• Present Arab citizens of Israel will not be required to affirm loyalty to the Jewish state, but anti-Zionist candidates will not be allowed to hold elective office. Arab citizens of Israel will be eligible to receive compensation if they declare that their conscience does not permit them to live under Jewish sovereignty.
This is not simple, but neither is keeping the status quo. Here are some of the problems that would have to be worked out:
• There are some important Jewish sites in Arab-populated areas, such as Joseph’s tomb, which is near the Arab city of Shechem. Hevron, where the cave of Machpela is located, is also home to a significant Jewish community. Under the Oslo accords, the PA is supposed to allow Jews to visit these sites; but in fact it is very difficult and dangerous — IDF protection is required, and there have been numerous instances of Arab violence, including murders, at these places.
• Without IDF protection, the PLO in Judea and Samaria could fall to Hamas. I am not sure that this would necessarily be a disaster, since the PLO is no less committed to Israel’s destruction than Hamas. A true liberal Palestinian regime desirous of peace is highly unlikely to come about regardless of Israel’s actions.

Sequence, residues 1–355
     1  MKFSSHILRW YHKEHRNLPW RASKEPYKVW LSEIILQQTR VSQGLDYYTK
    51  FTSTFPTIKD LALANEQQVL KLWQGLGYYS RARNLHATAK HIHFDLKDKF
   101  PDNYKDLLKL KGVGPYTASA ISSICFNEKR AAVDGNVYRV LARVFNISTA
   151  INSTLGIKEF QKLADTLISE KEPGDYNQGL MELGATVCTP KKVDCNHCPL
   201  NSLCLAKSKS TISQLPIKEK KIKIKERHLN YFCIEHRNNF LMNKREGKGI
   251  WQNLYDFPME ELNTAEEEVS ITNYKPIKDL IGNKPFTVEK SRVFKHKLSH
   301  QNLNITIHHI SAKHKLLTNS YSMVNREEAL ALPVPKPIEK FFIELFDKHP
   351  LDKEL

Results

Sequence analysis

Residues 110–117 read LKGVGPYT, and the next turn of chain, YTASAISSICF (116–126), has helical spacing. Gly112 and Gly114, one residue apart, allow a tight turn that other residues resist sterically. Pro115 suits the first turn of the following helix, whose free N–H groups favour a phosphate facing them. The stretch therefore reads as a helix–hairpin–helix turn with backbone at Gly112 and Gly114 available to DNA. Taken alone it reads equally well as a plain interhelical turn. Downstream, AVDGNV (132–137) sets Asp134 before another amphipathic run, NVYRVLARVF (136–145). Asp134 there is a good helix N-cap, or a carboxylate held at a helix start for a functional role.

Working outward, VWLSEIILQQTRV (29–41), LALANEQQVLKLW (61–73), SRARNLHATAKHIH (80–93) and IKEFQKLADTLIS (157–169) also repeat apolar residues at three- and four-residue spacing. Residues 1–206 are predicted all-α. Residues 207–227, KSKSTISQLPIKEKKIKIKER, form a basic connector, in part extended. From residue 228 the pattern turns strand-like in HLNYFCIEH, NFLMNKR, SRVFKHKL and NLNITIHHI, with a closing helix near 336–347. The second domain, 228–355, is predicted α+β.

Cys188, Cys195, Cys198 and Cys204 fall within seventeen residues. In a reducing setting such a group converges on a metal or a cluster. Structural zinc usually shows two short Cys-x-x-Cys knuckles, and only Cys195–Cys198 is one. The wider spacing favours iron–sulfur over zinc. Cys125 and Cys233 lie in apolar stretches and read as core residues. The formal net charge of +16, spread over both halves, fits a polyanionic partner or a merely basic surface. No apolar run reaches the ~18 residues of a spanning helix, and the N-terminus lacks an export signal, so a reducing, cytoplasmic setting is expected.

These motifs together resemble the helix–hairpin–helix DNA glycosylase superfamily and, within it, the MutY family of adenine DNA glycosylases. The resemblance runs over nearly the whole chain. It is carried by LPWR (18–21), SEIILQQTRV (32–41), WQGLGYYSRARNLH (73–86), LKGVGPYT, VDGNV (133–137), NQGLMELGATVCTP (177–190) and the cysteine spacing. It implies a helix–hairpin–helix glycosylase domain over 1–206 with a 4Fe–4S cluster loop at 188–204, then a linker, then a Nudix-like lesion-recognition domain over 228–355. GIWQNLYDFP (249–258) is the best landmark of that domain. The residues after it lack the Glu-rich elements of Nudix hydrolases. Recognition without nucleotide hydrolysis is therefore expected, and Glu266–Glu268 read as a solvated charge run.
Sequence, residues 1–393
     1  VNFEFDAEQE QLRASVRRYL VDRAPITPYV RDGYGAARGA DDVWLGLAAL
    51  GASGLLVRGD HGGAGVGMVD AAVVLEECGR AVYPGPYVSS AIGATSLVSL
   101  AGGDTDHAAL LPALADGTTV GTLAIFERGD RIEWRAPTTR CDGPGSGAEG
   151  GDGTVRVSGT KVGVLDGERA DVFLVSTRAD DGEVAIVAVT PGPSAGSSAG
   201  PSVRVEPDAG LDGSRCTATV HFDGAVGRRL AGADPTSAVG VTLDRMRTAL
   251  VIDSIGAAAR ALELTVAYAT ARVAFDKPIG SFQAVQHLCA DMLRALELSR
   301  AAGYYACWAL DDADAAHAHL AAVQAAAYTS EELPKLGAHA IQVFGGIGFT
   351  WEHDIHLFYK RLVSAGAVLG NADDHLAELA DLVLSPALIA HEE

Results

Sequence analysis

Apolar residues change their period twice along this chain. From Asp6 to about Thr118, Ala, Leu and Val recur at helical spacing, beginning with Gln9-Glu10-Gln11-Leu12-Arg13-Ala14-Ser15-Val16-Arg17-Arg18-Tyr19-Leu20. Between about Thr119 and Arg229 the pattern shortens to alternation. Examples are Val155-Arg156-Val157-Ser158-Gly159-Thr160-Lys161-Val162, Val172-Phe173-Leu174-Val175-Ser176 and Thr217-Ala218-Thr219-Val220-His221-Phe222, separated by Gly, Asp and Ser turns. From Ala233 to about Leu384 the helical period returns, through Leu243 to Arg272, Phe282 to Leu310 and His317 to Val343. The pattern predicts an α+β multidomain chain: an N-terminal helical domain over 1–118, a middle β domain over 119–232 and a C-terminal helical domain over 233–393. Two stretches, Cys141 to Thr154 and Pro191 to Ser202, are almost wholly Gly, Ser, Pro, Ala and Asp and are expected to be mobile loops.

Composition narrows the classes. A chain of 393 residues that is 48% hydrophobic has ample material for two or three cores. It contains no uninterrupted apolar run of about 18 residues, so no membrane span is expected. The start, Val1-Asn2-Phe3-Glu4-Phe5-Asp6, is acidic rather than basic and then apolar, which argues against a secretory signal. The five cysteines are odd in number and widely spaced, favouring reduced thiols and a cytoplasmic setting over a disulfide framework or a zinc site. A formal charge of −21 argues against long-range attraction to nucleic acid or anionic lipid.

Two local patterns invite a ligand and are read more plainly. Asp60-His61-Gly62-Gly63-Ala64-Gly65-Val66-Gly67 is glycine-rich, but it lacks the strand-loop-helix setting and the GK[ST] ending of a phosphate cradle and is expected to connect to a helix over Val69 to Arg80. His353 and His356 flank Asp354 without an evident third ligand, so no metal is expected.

• The Arab entity that would be created by an Israeli withdrawal would be in a state of war with Israel. The boundaries would have to be designed to ensure that it could not be a strategic threat.
• Israel would have to be prepared to take preemptive action against terrorism, both in the new Palestinian entity and Gaza. It could not be allowed to develop military capabilities under the cover of ‘cease-fires’ as happened in Gaza.
Some additional comments:
• In the long term, Israel needs to reduce its dependence on the US, which is both becoming less friendly to Israel and less able to project power in the Middle East. Israel should do its best to obtain good relations with China, and as much as possible with non-Islamist Muslim regimes.
• I am not opposed to democracy. But it is not an all-or-nothing concept. A country can still be democratic while maintaining boundaries beyond which political expression may not go. In the case of Israel, these limits should exclude the position that Israel is not the state of the Jewish people. All democracies in fact have such limits, so why not make them explicit?
• The Arab ‘refugees’ are not Israel’s problem. Both Arabs and (a greater number of) Jews were displaced in 1948. While some of the original Arab refugees could have been allowed to return after 1948 if the Arab nations had wished to make peace, their actions and the subsequent actions of the international community made it impossible. Today the descendents of these refugees are their responsibility, and should be resettled.
• Today, the top priority must be the Iranian threat. The status quo in the territories will have to be maintained until Iran is dealt with. I believe that Israel will act alone, and a successful strike will also greatly strengthen its position on other issues.
Update [2008 PDT]: Israel’s Deputy Defense Minister Danny Danon also wants to end Oslo, but sees a different solution. And he also used the phrase “three state solution!” No, I didn’t read his piece before I wrote this (and he probably didn’t read mine).